|Title of host publication||Wiley Encyclopedia of Management|
|Publication status||Published - 21 Jan 2015|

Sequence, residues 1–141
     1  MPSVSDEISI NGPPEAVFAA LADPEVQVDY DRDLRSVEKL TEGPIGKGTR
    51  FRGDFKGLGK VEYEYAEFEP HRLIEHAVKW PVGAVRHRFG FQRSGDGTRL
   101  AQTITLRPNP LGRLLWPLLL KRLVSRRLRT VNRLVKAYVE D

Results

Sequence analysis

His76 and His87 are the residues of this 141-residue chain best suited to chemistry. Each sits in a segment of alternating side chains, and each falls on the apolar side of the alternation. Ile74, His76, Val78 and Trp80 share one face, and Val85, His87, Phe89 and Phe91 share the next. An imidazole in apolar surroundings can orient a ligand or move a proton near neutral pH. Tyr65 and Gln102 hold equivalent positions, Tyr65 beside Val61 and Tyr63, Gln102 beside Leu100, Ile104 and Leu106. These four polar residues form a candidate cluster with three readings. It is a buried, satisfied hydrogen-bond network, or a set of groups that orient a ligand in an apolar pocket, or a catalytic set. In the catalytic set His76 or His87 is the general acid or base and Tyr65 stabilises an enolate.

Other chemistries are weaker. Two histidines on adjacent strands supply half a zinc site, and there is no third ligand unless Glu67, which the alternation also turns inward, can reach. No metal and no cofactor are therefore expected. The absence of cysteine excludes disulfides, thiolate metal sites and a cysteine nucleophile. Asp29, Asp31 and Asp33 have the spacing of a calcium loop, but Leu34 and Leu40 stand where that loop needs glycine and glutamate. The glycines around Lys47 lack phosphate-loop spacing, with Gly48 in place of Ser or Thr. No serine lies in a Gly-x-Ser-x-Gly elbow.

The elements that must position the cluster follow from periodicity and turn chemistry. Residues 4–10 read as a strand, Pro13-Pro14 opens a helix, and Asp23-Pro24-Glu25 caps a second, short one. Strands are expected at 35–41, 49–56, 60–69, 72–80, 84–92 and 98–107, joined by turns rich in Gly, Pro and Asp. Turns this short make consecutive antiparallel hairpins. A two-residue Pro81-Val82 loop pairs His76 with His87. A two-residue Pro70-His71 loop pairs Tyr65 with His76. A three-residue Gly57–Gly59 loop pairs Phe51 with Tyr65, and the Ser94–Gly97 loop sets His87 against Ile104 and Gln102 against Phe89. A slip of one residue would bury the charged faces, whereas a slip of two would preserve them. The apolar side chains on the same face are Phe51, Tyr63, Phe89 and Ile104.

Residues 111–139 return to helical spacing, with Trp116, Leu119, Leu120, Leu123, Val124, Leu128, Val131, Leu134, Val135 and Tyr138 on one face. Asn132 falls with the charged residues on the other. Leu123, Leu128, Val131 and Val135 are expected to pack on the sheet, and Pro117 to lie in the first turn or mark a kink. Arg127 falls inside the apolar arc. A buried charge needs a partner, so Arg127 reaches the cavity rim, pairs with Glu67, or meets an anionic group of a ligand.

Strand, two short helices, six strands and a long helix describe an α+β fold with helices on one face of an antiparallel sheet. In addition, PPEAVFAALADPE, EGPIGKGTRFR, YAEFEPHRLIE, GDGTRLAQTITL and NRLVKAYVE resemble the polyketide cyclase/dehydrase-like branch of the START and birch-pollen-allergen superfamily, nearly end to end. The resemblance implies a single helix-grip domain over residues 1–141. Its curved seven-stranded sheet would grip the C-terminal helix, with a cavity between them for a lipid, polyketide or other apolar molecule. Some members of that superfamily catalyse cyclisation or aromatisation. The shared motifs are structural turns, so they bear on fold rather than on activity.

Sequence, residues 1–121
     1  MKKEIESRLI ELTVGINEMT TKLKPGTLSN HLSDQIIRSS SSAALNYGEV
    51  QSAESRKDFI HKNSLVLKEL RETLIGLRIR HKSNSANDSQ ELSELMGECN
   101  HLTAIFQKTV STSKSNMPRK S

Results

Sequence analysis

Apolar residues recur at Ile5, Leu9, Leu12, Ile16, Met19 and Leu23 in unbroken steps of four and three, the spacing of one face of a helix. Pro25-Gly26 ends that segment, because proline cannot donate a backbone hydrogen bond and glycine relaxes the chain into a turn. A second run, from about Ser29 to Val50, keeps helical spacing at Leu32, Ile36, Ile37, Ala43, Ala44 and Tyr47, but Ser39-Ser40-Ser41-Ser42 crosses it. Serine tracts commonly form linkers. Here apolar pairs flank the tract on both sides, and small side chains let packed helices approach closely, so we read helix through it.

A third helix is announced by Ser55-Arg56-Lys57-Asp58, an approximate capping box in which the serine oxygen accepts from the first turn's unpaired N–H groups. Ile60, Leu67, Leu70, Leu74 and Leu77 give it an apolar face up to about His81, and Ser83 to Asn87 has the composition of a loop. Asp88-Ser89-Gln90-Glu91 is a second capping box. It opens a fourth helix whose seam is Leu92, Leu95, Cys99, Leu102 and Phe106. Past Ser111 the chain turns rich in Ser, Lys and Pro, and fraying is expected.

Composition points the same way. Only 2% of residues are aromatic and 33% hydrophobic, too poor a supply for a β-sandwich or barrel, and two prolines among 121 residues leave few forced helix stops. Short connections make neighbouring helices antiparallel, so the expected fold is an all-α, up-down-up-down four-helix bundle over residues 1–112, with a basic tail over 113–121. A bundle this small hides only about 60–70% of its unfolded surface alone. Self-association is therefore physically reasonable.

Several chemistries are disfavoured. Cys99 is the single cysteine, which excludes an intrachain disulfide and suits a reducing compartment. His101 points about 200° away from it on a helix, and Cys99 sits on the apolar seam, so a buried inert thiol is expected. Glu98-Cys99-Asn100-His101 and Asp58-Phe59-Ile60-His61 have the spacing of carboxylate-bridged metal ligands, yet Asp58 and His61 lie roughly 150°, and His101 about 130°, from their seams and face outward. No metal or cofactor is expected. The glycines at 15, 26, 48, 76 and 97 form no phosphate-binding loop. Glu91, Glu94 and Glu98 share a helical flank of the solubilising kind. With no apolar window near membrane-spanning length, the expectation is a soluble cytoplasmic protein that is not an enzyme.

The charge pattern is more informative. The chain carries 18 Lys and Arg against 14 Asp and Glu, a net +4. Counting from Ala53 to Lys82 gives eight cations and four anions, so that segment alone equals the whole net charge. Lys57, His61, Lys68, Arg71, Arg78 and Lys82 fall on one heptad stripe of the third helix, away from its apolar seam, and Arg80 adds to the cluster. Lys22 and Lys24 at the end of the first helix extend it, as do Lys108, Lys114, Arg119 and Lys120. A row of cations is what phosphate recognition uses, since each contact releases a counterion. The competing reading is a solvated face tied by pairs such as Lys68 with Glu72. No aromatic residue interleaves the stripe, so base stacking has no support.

The term “marketing mix” was first used by Neil Borden to describe a list of important ingredients that constitute marketing programs. The marketing mix came to describe closely related decisions that managers make within the remit of marketing. Diversity of opinions has marked thinking about the marketing mix from the outset, and there is a lack of consensus about the components, usefulness, and applicability of the mix. Borden's own list is probably the longest, but the best known and the most widely used marketing mix is McCarthy's four Ps framework consisting of product, price, promotion, and place. The four Ps have been widely criticized as simplistic and misleading, especially in areas of services, relationship, and business‐to‐business marketing. More recent elaborations of the marketing mix include Booms and Bitner's services marketing mix (also referred to as the extended marketing mix). Even though academics have empirically demonstrated the importance of the mix to practitioners, some marketing theorists have questioned or even rejected it.